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Interview with the Primers Volume One poets: Lucy Ingrams, Katie Griffiths, Geraldine Clarkson and Maureen Cullen

“If you’re hesitating between sending poems to Primers or another competition, send your very best to Primers. You won’t regret it!” – Geraldine Clarkson, Primers Volume One Poet.

In 2015, The Poetry School and Nine Arches Press launched Primers, a nationwide scheme to find exciting new voices in poetry. The four selected poets – Geraldine Clarkson, Lucy Ingrams, Maureen Cullen and Katie Griffiths – received dedicated mentoring and editing support, followed by publication in Primers Volume One, and a programme of promotional readings. This year we’re doing it all again

With the deadline just around the corner – 4th September – we spoke to the four winners of the first Primers scheme about finding out they’d been chosen, being mentored, editing, publication and going ‘on tour’.

First things first, how did it feel to be chosen as one of the four Primers poets?


Geraldine: It was a huge delight and privilege. The shortlisted poems I’d seen online were of such astounding quality that I didn’t dare open Julia Bird’s email at first as I was expecting the news that I hadn’t been successful! I’m a great fan of what The Poetry School does and also of the exciting work which Nine Arches Press produces, so being part of this inaugural Primers venture felt very exciting indeed.

Lucy: A huge surprise. You get so used to sending things off and not hearing back – it hadn’t occurred to me that this time would be any different. When I was shortlisted, I felt amply delighted; then to hear I’d got all the way through… I thought at first that there may have been a mistake?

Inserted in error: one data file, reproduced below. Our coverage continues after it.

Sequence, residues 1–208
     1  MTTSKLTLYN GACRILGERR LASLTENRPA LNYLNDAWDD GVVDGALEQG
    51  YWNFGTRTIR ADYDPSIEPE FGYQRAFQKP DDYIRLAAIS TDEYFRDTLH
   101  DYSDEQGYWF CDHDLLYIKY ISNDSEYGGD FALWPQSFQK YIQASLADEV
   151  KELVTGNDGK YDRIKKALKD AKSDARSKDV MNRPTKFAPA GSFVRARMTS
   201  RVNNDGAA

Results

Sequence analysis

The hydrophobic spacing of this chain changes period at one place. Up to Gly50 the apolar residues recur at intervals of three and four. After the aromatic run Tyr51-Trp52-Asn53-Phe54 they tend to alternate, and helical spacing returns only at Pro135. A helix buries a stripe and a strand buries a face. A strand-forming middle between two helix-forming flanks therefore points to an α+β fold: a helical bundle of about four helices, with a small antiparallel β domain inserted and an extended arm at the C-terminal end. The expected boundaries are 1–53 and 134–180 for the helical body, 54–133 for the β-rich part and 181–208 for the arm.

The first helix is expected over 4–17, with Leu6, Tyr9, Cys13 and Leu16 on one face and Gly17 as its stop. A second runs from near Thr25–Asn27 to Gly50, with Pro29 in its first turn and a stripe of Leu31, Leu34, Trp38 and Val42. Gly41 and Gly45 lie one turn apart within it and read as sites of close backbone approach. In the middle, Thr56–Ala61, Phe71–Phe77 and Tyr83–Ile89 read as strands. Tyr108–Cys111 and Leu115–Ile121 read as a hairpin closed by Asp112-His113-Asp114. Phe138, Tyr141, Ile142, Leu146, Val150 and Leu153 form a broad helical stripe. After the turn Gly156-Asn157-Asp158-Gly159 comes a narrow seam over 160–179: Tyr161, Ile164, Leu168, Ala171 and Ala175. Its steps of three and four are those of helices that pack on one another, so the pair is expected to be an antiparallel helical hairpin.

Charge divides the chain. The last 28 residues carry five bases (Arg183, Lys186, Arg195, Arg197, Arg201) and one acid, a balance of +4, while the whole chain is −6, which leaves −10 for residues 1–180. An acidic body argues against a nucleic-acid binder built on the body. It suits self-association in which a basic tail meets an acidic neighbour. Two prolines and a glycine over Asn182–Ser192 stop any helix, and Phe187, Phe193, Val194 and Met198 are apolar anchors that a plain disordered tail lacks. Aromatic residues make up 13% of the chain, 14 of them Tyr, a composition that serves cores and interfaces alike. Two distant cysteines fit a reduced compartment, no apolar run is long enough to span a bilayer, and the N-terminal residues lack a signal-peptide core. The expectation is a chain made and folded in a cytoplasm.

Katie: Humbling, scary and thrilling. I’d started taking my poetry writing seriously again a few years ago, and Primers was a vindication of hard work, not letting myself off the hook and seeking out inspiring teachers – Pascale Petit, Moniza Alvi, Malika Booker, Catherine Smith and Myra Schneider amongst them.

Maureen: I was delighted. I didn’t expect it. I’d entered in the same way as I enter all competitions, as a way of keeping me focused on work and deadlines. Also, I really liked the idea of supporting this worthwhile project.

Throughout the early part of the programme, you received mentoring from the poet (and Poetry School super-tutor) Kathryn Maris. How was that?  


Katie: I was excited at the prospect, as I love Kathryn’s poetry. Her mentoring was wholly supportive and tooth-comb precise. I feel I’ve learned a huge amount from her intellectual acuity as well as her emotional sensitivity. She picked me up on a couple of tics I’d been blind to, and pointed me towards other poets I could more closely study, notably Alice Oswald for her musicality and deft leaps in syntax.

Lucy: Kathryn’s responses and suggestions were razor-precise and acute, as well as generous: she brought such close attention to the poems, and it was extraordinary to feel one’s work met and held in a mind that knows so much poetry.

Maureen: I didn’t meet Kathryn until later because of my own mobility issues but she gave me very useful written feedback.

Geraldine: It was fantastic to work with Kathryn, and to have the benefit of her awesome expertise and intuition. She was a great mentor, giving wise advice and guidance. Her insights and generous responses to my doubts and queries have helped me to better understand my own work.

The final book – Primers Volume One – was edited by Nine Arches Press editor Jane Commane. Was this the first time you’d worked with an editor on your poems? What difference did it make? 


Lucy: Jane has a brilliantly light, deft touch – every question she asks is completely to the point and led me to look and think again in a way that really helped the poems achieve more. I hadn’t worked before with a poetry book editor (of course) and felt extremely lucky to have an experience that was both so creative and so professional.